Marks & Spencer is likely to be cited in a parliamentary debate that will allege some employers are using the national living wage to drive down pay and employment conditions of staff.
The debate was proposed by living wage campaigner Siobhain McDonagh MP and approved on Monday by the House of Commons Backbench Select Committee.
It is scheduled for 3 November and will debate the motion: “That this House recognises Living Wage Week beginning 31 October; believes that the use of the introduction of the national living wage to drive down conditions and take home pay is against the spirit of the law; calls on the government to close down the loopholes that make this possible; and believes that any moves to reduce the value of the national living wage, below the promised £9 per hour in 2020, is unacceptable.”
McDonagh said the debate was a chance to discuss the NLW six months after its introduction as well as to celebrate Living Wage Week and employment practices that allowed employees to have a decent standard of living.
“But we will also highlight those employers who choose to use the introduction of the ‘national living wage’ to get round employment terms and reduce terms and conditions,” the MP said.
“The House has already been very effective in this regard. The debate held in April helped to get the offer to staff at B&Q increased from a one-year one-off payment to a two-year payment. That was a direct success.
“Marks & Spencer, the queen of the high street, has just issued new contracts to its long-standing staff - those who were employed prior to 2002 - and told them that they will be sacked by Christmas for some other substantial reason should they not choose to return those signed contracts.
“A debate will be particularly timely for those people. We have lots of long-standing members of staff at Marks & Spencer, B&Q and other retailers who say that hearing this spoken about in the House of Commons makes them feel that they are not on their own, and that people understand what is happening.”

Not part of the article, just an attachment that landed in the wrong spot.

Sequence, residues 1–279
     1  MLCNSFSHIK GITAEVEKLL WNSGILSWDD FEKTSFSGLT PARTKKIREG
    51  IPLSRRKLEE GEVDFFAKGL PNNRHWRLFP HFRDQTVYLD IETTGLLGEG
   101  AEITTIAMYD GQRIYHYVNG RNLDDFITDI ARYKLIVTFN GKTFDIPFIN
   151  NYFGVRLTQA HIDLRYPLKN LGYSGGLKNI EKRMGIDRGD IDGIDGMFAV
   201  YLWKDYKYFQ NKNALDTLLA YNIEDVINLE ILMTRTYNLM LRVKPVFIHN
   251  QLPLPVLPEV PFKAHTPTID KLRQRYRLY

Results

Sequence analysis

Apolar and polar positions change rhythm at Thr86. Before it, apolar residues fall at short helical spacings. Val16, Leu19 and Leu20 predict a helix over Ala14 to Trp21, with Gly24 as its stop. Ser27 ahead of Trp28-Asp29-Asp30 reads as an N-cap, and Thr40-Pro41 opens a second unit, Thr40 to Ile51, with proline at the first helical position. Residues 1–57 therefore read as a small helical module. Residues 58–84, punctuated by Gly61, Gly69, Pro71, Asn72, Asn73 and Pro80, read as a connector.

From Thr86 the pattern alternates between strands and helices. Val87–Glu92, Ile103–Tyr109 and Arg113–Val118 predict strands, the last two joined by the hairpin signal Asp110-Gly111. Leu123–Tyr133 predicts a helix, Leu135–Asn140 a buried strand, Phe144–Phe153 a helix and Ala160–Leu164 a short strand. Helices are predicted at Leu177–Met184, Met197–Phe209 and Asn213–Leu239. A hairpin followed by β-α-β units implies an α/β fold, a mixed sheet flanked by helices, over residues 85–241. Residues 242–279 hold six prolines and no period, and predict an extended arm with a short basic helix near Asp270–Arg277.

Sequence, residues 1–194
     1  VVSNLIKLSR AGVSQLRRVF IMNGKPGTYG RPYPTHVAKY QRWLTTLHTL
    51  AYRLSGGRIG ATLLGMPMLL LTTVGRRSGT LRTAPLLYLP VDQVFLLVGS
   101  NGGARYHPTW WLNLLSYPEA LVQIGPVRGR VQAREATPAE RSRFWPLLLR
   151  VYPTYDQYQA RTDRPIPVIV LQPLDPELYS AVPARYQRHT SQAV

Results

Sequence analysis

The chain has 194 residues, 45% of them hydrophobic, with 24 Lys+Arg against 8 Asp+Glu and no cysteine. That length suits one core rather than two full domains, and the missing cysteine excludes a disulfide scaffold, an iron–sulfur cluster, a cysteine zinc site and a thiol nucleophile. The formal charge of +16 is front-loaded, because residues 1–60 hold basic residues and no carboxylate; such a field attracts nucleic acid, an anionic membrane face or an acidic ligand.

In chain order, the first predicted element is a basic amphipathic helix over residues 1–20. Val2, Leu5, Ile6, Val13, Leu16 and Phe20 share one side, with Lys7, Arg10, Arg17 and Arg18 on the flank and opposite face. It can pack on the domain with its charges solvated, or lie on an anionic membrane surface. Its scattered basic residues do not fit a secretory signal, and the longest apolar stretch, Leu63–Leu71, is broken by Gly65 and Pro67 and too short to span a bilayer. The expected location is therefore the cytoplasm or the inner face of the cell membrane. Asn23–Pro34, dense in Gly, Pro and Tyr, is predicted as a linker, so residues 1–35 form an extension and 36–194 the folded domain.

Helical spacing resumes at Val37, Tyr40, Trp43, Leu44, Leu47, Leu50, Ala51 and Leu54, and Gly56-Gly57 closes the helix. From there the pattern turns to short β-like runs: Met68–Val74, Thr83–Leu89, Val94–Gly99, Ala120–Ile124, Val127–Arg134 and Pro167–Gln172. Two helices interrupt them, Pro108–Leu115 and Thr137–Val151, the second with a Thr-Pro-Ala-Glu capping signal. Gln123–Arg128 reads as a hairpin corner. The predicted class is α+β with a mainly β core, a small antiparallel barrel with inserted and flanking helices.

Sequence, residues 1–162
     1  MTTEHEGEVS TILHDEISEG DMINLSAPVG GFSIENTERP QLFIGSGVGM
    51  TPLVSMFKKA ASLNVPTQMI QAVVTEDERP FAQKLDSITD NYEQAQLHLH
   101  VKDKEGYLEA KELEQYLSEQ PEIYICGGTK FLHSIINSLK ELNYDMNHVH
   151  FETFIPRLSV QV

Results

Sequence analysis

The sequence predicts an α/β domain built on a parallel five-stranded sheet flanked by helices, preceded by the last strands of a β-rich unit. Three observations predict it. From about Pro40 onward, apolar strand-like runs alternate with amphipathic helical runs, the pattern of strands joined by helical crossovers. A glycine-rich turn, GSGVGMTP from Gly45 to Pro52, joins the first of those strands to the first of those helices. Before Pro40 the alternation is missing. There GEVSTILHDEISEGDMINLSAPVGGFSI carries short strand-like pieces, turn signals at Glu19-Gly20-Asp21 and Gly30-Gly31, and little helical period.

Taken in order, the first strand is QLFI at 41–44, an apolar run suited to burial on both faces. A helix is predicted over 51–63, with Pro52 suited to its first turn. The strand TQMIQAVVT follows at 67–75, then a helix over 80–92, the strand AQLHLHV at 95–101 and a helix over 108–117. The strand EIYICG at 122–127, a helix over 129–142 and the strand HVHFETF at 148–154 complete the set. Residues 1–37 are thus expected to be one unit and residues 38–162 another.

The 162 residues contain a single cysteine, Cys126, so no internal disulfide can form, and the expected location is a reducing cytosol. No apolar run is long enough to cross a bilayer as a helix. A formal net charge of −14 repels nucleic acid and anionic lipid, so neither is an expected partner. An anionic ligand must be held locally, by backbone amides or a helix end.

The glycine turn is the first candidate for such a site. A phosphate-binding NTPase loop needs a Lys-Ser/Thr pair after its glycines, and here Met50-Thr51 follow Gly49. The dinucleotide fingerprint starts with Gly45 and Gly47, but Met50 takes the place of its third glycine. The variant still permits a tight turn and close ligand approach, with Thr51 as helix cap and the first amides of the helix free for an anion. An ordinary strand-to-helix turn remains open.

McDonagh has targeted M&S after being contacted by staff who would be worse off as a result of its proposals to “simplify” wage structures where longer serving staff benefit from higher pay than more recently recruited colleagues for night shifts, bank holidays and Sundays. The MP delivered a 97,000-signature online petition to the company in September calling for it to reconsider its plans.
M&S said the changes increased its hourly pay rate for customer assistants by 15% from £7.41 to £8.50 outside London and £9.65 in Greater London, putting it above the NLW of £7.20 and the Living Wage Foundation’s recommendations of £8.25 outside London and £9.40 for Greater London.
After consultation with colleagues, it improved its offer to compensate the 10% who would be worse off.
It is understood that no new contracts have been issued yet and the retailer is still considering cases on an individual basis where its longest-serving colleagues are unhappy.
“The company has no intention that anyone would leave M&S as a result of these changes,” a spokesman said.
“The changes, which will take effect from April, will reward our people in a fair and consistent way, simplify and modernise our business and make our colleagues amongst the highest paid in UK retail.
“Nobody need be worse off and the vast majority will receive higher total pay.”